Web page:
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Camp Stone is a Jewish summer camp located in Sugar Grove, Pennsylvania.[1] It is affiliated with Bnei Akiva, a Religious Zionist youth movement. The camp encourages aliyah, or emigration to Israel.

Camp Stone
Mottoעם ישראל בארץ ישראל על פי תורת ישראל
Formation1969 (1969)
FounderIrving I. Stone
PurposeJewish summer camp
Location
Official language
English and Hebrew
Directors
Yakov and Estee Fleischmann
Key people
Zeke Ratner
Parent organization
Bnei Akiva
Websitewww.campstone.org

HistoryEdit

The camp began operations in 1969, and is named after its founder, the Jewish philanthropist, Irving I. Stone,[2] a long time executive at American Greetings. Stone purchased the 400 acre site of a former camp to establish an Orthodox Jewish summer camp.[2]

ProgramsEdit

Programs for campers include study of Jewish history, Torah study and prayer. Other programs include an introduction to farming, glass blowing and blacksmithing. Traditional camp activities like swimming, horseback riding, archery, Color War, drama, rock skipping, 9 Square, sports such as basketball, football, soccer, ultimate frisbee, and other activities are also offered, as well as a ropes course.[2] The camp also features a reproduction of a German cattle car, like those used to transport Jews to Nazi concentration camps, and used for Holocaust education. According to previous camp director Yehuda Rothner, the lesson taught is that "senseless hatred leads into the abyss".[3]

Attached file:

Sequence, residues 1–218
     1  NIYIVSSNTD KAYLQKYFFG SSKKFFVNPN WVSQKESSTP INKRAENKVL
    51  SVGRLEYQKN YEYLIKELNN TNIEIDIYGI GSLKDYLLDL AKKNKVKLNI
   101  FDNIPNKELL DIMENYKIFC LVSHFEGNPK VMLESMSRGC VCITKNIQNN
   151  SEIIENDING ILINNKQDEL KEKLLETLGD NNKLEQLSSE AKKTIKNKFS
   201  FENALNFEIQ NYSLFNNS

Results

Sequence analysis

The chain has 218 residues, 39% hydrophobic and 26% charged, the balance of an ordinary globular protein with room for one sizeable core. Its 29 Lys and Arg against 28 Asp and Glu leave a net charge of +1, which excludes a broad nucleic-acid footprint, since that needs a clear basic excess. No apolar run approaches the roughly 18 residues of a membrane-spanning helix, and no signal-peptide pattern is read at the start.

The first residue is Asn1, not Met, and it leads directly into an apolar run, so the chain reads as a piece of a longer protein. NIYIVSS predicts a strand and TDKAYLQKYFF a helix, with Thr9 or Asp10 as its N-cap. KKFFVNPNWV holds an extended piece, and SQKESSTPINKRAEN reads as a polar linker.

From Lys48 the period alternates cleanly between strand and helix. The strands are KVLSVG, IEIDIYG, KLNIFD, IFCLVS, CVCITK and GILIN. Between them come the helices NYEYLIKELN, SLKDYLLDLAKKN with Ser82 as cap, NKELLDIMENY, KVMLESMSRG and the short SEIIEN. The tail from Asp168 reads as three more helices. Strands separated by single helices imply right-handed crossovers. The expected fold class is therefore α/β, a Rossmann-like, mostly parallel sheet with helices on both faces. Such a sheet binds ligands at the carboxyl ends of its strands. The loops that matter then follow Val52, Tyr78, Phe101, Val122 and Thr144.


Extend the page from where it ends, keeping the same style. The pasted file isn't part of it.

GoalsEdit

The camp's goal is to cultivate within Jewish children a commitment to the people and land of Israel, and to the Torah. The camp staff encourages campers to develop their own leadership potential to enable them to become self-reliant, and also encourages each of them to become a contributing and functional member of the group or kvutza.

CostsEdit

As of 2012, it cost $3,500.00 for a child to attend a four-week camp session.[4] In that year, the camp offered $320,000 in scholarships.[2]

ReferencesEdit

  1. ^ Dashefsky, Arnold; Sheskin, Ira (2013). American Jewish Year Book 2013: The Annual Record of the North American Jewish Communities. Springer Science+Business Media. p. 616. ISBN 9783319016580.
  2. ^ a b c d Hoffman, Sue (January 24, 2013). "Orthodox camps offer spirit, study". Cleveland Jewish News. Retrieved December 14, 2014.
  3. ^ Meyers, Dvora, Camp Lessons: Between color wars and singalongs, some Jewish camps include Holocaust education in Tisha B’Av programming. What does that mean for Jewish identity?,Tablet, June 30, 2011
  4. ^ "Jewish Summer Camp Enrollments Rise". IMAGE Magazine. Brooklyn. April 4, 2012. Retrieved December 12, 2014.

Further readingEdit

External linksEdit